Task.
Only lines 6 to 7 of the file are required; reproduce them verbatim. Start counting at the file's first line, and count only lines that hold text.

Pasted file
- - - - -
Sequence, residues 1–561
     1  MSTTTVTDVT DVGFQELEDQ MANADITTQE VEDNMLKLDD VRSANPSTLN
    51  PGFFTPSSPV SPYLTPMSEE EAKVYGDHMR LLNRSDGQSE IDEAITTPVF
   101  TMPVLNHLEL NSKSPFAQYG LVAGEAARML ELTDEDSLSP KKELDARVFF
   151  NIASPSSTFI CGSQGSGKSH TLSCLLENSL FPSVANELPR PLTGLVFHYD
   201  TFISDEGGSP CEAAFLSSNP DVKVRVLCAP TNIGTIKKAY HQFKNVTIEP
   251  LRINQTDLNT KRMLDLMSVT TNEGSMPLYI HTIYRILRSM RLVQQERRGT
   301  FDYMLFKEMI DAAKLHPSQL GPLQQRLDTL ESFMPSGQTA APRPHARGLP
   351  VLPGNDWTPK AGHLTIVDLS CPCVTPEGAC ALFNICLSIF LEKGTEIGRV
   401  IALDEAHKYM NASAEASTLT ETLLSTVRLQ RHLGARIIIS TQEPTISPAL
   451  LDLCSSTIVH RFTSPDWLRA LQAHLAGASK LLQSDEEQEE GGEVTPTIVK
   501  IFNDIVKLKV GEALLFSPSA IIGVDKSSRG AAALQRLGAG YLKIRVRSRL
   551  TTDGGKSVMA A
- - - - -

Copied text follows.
   201  TFISDEGGSP CEAAFLSSNP DVKVRVLCAP TNIGTIKKAY HQFKNVTIEP
   251  LRINQTDLNT KRMLDLMSVT TNEGSMPLYI HTIYRILRSM RLVQQERRGT